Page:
Support Pandemic-Related “Supply Chain Disruptions Relief Act” (H.R. 7382/S. 4105)

Published October 4, 2022

Bipartisan LIFO Relief Needed Due to a Major Foreign Trade Interruption of Auto Production

 

ISSUE

Vehicle assembly plants and suppliers around the globe ceased or slowed production during the pandemic, drastically reducing new vehicle inventory. The shortfall worsened with the worldwide shortage of semiconductors, which are essential to complete vehicles manufactured today. With no way to replenish vehicle inventory, dealers using the last-in, first-out (LIFO) method of accounting face major unanticipated tax liability due to circumstances beyond their control. The Treasury Department has existing authority (Sec. 473 of the Internal Revenue Code) to allow LIFO relief to businesses if a “major foreign trade interruption” makes inventory replacement difficult. Despite NADA’s petition and broad bipartisan support for Treasury’s use of Sec. 473, Treasury has declined as it believes additional legislative authority is needed. The “Supply Chain Disruptions Relief Act” (H.R. 7382/S. 4105) explicitly provides Treasury such legislative authority. Congress should pass H.R. 7382/S. 4105 this year to allow businesses on LIFO extended time to replace vehicle inventories as pandemic-related global disruptions and reduced auto production have made it nearly impossible to replenish new vehicle supply.

 

BACKGROUND

In 1980, Congress provided the Treasury Department authority to grant temporary LIFO relief to businesses if a “major foreign trade interruption” makes inventory replacement difficult or impossible (Sec. 473). As the pandemic slowed or stopped production at vehicle assembly plants and suppliers across the globe, dramatic supply constraints helped create the lowest dealer inventory levels in 50 years.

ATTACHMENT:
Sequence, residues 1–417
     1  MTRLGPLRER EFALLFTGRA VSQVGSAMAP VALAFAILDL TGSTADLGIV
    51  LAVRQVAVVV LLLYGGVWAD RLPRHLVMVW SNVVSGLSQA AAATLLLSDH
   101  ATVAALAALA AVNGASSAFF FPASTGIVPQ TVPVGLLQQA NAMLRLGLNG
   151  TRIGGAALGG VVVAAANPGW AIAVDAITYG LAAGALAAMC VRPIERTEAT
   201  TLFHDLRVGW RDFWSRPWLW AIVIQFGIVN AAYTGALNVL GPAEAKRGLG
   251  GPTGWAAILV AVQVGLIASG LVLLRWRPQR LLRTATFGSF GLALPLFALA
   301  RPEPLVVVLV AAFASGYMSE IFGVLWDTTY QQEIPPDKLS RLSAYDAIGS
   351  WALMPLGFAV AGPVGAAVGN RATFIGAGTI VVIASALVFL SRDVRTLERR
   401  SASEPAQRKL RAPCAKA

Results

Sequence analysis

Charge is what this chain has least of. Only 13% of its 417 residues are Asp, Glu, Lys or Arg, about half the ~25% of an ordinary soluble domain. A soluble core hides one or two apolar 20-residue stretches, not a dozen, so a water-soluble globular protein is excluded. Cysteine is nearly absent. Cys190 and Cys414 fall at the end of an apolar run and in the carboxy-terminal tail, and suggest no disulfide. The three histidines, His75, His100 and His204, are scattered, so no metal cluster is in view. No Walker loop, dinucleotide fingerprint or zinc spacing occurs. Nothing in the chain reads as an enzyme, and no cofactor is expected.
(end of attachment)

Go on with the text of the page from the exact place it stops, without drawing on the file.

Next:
New car dealers have been unable to sufficiently replace inventory due to foreign trade interruptions, including a severe shortage of critical semiconductor chips caused by the pandemic. To reduce LIFO recapture tax liability, dealers must generally restock inventory by year’s end as shortfalls can be taxed as ordinary income. Dealers on LIFO, however, have been powerless to replenish inventories, resulting in large, unanticipated tax liabilities for many small business dealers. 


The Supply Chain Disruptions Relief Act, introduced by Reps. Dan Kildee (D-Mich.) and Jodey Arrington (R-Texas) in the House and Sens. Sherrod Brown (D-Ohio) and Tim Scott (R-S.C.) in the Senate, would determine that the requirements of Sec. 473 have been met in the auto sector due to pandemic-related foreign trade interruptions that created inventory shortfalls of new vehicles. The bill would allow dealers to delay the recognition of income triggered by LIFO recapture for tax years 2020 and 2021. Given the ongoing supply chain disruptions, the bill extends the period to replenish inventory and compute LIFO reserve/recapture until the end of 2025 to allow vehicle production to normalize. 


H.R. 7382/S. 4105 currently has more than 145 cosponsors in the House and more than 55 cosponsors in the Senate, including Senate Majority Leader Chuck Schumer (D-N.Y.). The American Institute of Certified Public Accountants, American International Automobile Dealers Association, and National Association of Minority Automobile Dealers also support H.R. 7382/S. 4105.

KEY POINTS


  • The Alliance for Automotive Innovation and a White House Fact Sheet have documented that automakers could not complete the final assembly of sufficient vehicles due to the inability to obtain foreign-made semiconductors.

  • As a result of supply chain disruptions beyond the dealers’ control, LIFO recapture will trigger significant, unexpected tax liability, imposing massive tax bills on small businesses that could otherwise be used to invest in EV infrastructure, employee training and replenishing inventory as it becomes available.

  • There is overwhelming industry and bipartisan congressional support to address the unprecedented and dire supply chain crisis which is severely impacting the auto industry that is so important to our national economy.

 

STATUS

The U.S. Treasury Department recently indicated its support for a legislative solution to this issue and that they will work cooperatively with Congress to that end. Members are urged to cosponsor H.R. 7382/S. 4105 to provide relief this year to businesses facing difficulty replacing vehicle inventory due to unprecedented supply chain shortages.

 

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Contacts

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Kerry Feehery

Kerry Feehery

Senior Director of Legislative Affairs